After recording my intentions in the log book, I backtracked, and began what the Bros describe as "the main obstacle of the ride... a teeth-gritting granny gear climb... often involving walking, sometimes defying gravity". They pretty much nailed the description, and I took almost exactly the one hour suggested. I didn't ride much, though occasionally I found a section that wasn't super steep or while it was super steep, wasn't littered with loose rock. I ended upside down, down a bank after miscalculating the firmness of a path around a big bog!
In parts the track was so steep I was kind of glad I hadn't come in the opposite direction (as planned for a northerly wind). I am sure the photos won't do it justice (down, out, up)...
Soon after I took the photos, the track generally levelled off, though much of it was either steep down, or steep up. I think I managed to ride all the rest though. Cell coverage faded in and out, and apart from this, it was very cool to realise how remote this area is, and how lucky we are to have such an awesome opportunity to enjoy it. The views west were stunning.
After a steep descent, and a very satisfying 10-12 minute climb out of Hurupi Stream, I took a short detour for a glimpse of the Putangirua Pinnacles of Brain Dead fame. It was worth it! I got to spend a few minutes on some singletrack, and the view was pretty neat!
After admiring my last view of the south Wairarapa coast,
I found myself skirting around a large paddock. The track was rough, and I kept crossing some inch diameter water pipe. I decided to pop over into the paddock instead, and no sooner had I got underway than I heard the sound of many many hooves. I looked over my right shoulder, to see a few dozen cows about 15 m behind me. Figuring if I ignored them, they'd ignore me didn't work at all. They were getting closer, so I stopped and dismounted with my bike between them and me. Shouting "hah" at them (I think I was imitating the noise the cowboy in the movies makes when spurring on his horse - don't know why I'd choose that noise again...) had no effect, so I promptly got through the fence. No sooner had I lifted my bike over, but they came right to the fence, as if to say "and don't come back!"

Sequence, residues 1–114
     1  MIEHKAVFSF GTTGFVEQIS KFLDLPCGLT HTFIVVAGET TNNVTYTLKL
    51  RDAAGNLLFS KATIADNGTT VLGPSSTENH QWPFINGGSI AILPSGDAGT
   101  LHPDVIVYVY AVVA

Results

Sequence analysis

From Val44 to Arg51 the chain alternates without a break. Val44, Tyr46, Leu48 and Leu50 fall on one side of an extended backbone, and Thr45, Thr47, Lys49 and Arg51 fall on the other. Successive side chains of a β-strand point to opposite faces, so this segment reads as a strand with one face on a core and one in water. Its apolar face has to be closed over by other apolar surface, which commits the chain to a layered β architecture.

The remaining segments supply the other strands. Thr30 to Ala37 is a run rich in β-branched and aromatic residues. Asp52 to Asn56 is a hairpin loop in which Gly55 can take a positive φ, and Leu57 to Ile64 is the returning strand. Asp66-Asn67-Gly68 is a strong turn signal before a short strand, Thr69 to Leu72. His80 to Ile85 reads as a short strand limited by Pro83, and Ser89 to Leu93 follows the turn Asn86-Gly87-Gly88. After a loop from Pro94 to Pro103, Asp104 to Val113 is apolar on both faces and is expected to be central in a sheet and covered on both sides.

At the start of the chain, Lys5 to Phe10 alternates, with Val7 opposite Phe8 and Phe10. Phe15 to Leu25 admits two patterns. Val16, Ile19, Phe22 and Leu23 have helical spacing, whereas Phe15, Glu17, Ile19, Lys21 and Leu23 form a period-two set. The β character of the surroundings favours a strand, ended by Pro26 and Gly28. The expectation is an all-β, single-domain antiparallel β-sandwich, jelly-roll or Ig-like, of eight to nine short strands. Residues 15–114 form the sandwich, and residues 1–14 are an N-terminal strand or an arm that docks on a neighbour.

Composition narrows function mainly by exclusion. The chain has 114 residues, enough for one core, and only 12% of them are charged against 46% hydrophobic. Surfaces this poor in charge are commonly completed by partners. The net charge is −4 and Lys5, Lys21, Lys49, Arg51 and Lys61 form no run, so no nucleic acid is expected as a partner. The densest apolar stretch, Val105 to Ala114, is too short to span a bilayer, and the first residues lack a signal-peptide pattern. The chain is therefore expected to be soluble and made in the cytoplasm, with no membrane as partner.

Feeling lucky to be alive, I rode quickly down to the coast, where a beautiful sight awaited.
At this point, it was 7:30pm, 5 hours after I'd left the car in Martinborough. The remainder of the trip was on the road, so I put a lot more air into my horrible Hutchinson Piranha. I suppose Giant stocked their bikes with these on account of their weight, and because they'd roll around the carpark very well. They suck!
It took me just over two hours to get back to the car. I stopped three times I think, each time having something to eat. By the time I got back to the car, I'd added a merino vest under my riding shirt, my trusty Roadworks armwarmers, some knee warmers, and my helmet light. It was very nice to get some weight out of my back pack! It was great to finally get some feedback on the distance remaining at the turnoff to Featherston! Only 18km to go, and it was 8:58pm. I whiled away some of these kilometres thinking about how long it might take at various speeds, and I thought a lot about what it must have been like for Simon on his incredible Great Divide Race. Here I was at the end of a 100km day, and all I wanted to do was stop. I felt like a bit of a blouse to tell the truth. In the end the 18km took me about 40 minutes, so about 26km/h. Not too bad on an MTB, at the end of a 7 hour ride!
I was thrilled to find the fish'n'chip shop about 50m from the car open at 9:40 at night. While they cooked my dinner, I loaded my gear into the car! I was home and in bed just before midnight, well rooted, but glad for a sweet day with plenty of cycling!
Originally published on vorb